Until Then, Smile!

Viktor E. Frankl in Man’s Search for Meaning wrote,

“Everyone has their own specific vocation or mission in life; everyone must carry out a concrete assignment that demands fulfillment.  Therein, he cannot be replaced nor can his life be repeated.  Thus, everyone’s task is unique as is his specific opportunity to implement it.”

I was thinking about this as I reflected on a conversation I had with a young man whom I had noticed  coming into the Starbucks store that I frequent. He was always super engaged with everyone, especially the great baristas, and he was forever positive and smiling.  After witnessing this over a period of weeks, I decided to join him at the counter, introduce myself and acknowledge his very special spirit.  His name is Andre and In the course of the conversation, he told me that he’s like this every day, all day and then, this:

“Why not smile? There will always be bills to pay and not enough money but why not smile?  There will come a time when we sleep–until then, smile.”

It occurs to me that Frankl and Andre are both describing what it is to go All-In, in life.  Life that is uniquely and gloriously generous.  Your life.  My life.  OUR lives, invested in our work, families and friends; playing, resting and attending all the while.

At any given moment, there are a thousand things bombarding this life we live and I confess to sometimes losing sight of the thing that is right in front of me, gently asking for my attention.  There are methods that I can employ to see–Notice–more fully but instead of getting all prescriptive about that here, let’s opt, in this moment, for forgiveness of our inevitable lapses.  Of course, we will strive, stumble and struggle to get it right and “until then, smile!”

Cafeteria Line

I originally published this in June of 2012.  Re-posting for those who follow my blog and may have missed this and for new followers to consider.  

Hospitals, Doctors’ offices and diagnostic centers are places people go for help with some kind of medical condition—usually one that they don’t understand.  The emotions carried into these physical spaces are varied but, most of the time, some degree of fear underlies all of them.  And fear knows no limit.  It accompanies all of us when we face the unknown.

In my teaching, I emphasize stopping as an important practice for those of us who are privileged to serve in these sacred places.  I say ‘sacred’ because in a healthcare environment, we are meeting people who are at their most vulnerable and the opportunity to heal begins the moment we encounter them.  Whether in the parking lot, the lobby, the halls and waiting rooms, not to mention the exam and patient rooms, every healthcare professional can, if they stop long enough, touch and contribute to our guests’ sense of wellbeing.

For now, forget about risk, compliance, HIPAA and whether you have all the right words.  Just stop, observe, listen and be willing to respond to a frightened person’s (usually) unspoken concerns.  I did this once in line in a hospital cafeteria.  A woman paying for her meal was distracted, hurried and the cashier was having difficulty ringing up the order.  I simply told her that I would pay for her meal so she could get to where she was going without delay.  At that moment, the woman broke down, sobbing.  She apologized and explained that she had just been told that her husband of 50 years was being transferred to Hospice.  That’s it.  In the blink of an eye, a person was able to share heartbreaking news with someone who until that moment was a complete stranger.  I didn’t plan to do anything ‘special’ with this stopping event.  Honestly, I was probably more anxious to keep the line moving.  But I was blessed and as it turns out, I was also a blessing to this very special person.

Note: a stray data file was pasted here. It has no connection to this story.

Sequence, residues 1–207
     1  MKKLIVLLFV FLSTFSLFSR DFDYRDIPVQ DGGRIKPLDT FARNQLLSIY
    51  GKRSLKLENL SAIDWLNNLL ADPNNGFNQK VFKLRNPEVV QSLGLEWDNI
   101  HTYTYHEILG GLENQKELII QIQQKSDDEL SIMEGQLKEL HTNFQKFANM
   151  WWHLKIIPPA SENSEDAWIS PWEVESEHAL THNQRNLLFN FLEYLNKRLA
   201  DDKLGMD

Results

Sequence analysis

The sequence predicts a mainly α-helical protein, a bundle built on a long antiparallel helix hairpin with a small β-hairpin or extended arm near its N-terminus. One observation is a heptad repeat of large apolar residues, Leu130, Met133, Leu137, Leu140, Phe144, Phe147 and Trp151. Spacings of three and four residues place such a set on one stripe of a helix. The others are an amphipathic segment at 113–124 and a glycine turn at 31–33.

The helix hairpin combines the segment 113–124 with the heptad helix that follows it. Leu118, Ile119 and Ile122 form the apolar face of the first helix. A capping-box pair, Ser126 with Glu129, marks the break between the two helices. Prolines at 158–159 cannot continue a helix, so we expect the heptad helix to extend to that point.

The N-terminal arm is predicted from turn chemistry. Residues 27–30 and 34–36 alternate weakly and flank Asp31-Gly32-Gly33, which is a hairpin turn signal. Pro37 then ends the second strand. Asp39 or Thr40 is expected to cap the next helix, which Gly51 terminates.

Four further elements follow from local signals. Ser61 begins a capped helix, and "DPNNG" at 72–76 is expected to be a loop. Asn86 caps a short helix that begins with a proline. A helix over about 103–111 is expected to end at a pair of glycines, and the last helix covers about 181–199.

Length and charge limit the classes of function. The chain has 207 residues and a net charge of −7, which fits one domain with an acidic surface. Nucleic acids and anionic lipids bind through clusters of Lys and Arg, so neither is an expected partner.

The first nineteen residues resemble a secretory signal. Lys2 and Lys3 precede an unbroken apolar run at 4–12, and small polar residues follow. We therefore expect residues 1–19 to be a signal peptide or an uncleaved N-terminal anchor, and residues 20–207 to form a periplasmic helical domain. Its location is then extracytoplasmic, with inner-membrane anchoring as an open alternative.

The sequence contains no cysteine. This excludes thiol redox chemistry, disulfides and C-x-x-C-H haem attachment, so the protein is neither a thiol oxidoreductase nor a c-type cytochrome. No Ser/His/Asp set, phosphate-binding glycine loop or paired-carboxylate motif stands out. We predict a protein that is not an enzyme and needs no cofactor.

Stopping isn’t necessarily heroic.  But it is necessary if we want to touch others in a way that makes a difference.

All God’s

Sometimes, noticing takes the form of giving one’s subconscious a little breathing room.  It happened for me last night, seconds after turning out the light by my bed.  The “light” came on, I reached for a pen and journal and wrote words that flowed as naturally as sap from a Vermont Sugar Maple.

I love you





I love you





I love you


Heart filler,

Love spiller.


I love you





I love you.



May 20, 2013

The first I knew that something horrible had happened came from friends on Facebook.  “Praying for the people in Oklahoma.”  Shortly thereafter, “We are Okay but friends and co-workers have lost homes.”  Then another and another.  I turned on CNN and learned that a terrible, powerful, monster of a tornado had struck Moore, Oklahoma.  It isn’t their first and we will learn soon if it is the worst.  An F-5.